This is not to say pure Ethernet is the only choice for wide-area network providers. Some carriers run Ethernet over SONET or ATM network transports, Chen says, which provides compatibility with customers’ Ethernet networks while taking advantage of the carrier’s installed base.

“”If you were starting from a greenfield solution and didn’t have any network in place, you may want to keep it all Ethernet,”” Mott says. But that’s a rare situation. Don’t expect SONET to go away any time soon — in fact, Chen predicts, Ethernet over SONET will be one of the major growth areas over the next five years.

Now that carriers’ metropolitan Ethernet services have become common, the next step is to link those services so customers can transport data over longer distances. This is particularly important to the data-carrier arms of electrical utilities, which typically serve a single city or a relatively small region.

In and around Toronto, for instance, a handful of carriers operated by electrical utilities have already interconnected to offer customers service between downtown Toronto and neighbouring suburbs. Miles says Toronto Hydro Telecom has connected its network to those of Enersource Telecom in Mississauga, Markham Hydro Telecom to the north and Hydro One Telecom, a unit of the provincial electrical utility. Together the companies can deliver longer-haul services.


Over time, Miles expects to see more of this interlinking of small utilities. In particular, he hopes to strike deals that will widen his company’s reach into the “”Golden Horseshoe”” region that extends around the western end of Lake Ontario to the Niagara peninsula.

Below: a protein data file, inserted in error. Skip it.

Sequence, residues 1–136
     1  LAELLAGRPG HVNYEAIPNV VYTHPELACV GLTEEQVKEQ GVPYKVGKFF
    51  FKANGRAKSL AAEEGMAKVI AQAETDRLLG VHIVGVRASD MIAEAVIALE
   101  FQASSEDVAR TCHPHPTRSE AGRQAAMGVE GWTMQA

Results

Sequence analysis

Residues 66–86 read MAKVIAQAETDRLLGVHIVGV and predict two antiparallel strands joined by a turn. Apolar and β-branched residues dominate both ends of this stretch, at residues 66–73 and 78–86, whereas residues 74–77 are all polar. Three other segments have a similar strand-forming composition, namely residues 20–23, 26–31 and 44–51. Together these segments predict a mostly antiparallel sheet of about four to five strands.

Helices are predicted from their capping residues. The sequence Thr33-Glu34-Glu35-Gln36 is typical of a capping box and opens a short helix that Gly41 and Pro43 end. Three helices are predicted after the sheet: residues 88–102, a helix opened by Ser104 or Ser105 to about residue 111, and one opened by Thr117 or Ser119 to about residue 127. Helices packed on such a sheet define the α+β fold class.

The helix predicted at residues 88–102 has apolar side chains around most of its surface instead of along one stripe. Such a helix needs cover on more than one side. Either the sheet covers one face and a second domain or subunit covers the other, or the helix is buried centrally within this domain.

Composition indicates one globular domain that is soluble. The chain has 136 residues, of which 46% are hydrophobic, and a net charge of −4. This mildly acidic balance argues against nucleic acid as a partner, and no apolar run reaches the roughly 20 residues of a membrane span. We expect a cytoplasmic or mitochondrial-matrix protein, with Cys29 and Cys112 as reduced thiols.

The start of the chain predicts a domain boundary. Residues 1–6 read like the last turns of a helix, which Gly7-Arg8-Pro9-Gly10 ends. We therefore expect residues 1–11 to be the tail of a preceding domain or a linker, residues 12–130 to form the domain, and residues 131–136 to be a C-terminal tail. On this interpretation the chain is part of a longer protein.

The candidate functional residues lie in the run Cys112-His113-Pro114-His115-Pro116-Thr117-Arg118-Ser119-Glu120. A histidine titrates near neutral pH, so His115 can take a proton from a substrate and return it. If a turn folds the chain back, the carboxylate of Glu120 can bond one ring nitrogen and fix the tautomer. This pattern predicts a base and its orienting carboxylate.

Those types of interconnections are not the exclusive preserve of smaller companies. Allstream has already connected its wide-area Ethernet network to that of Telus, and is negotiating with Bell, Fletcher says. Roney says Bell works with other carriers and will probably do so more in the future. He predicts customers will eventually be able to get Ethernet services across Canada.

In an effort to simplify such interconnections and to make it simpler for customers to buy Metro Ethernet services, the Metro Ethernet Forum recently completed the first formal definition of metropolitan Ethernet service. The MEF Technical Specification — Ethernet Services Model Phase 1 —was ratified in October. Chen says it gives service providers a conceptual tool to model point-to-point and multipoint services.””

The forum is also planning a companion services definitions specification. Metro Ethernet needs such standards to proliferate, Chen says.

The Yankee Grou’s Matthews agrees.

“”When you’re talking a telco world, standards are a key factor.””

As standards evolve and as carriers continue expanding their metro Ethernet offerings and complete agreements to link their services, the Ethernet juggernaut looks set to roll on from the LAN to the wide area.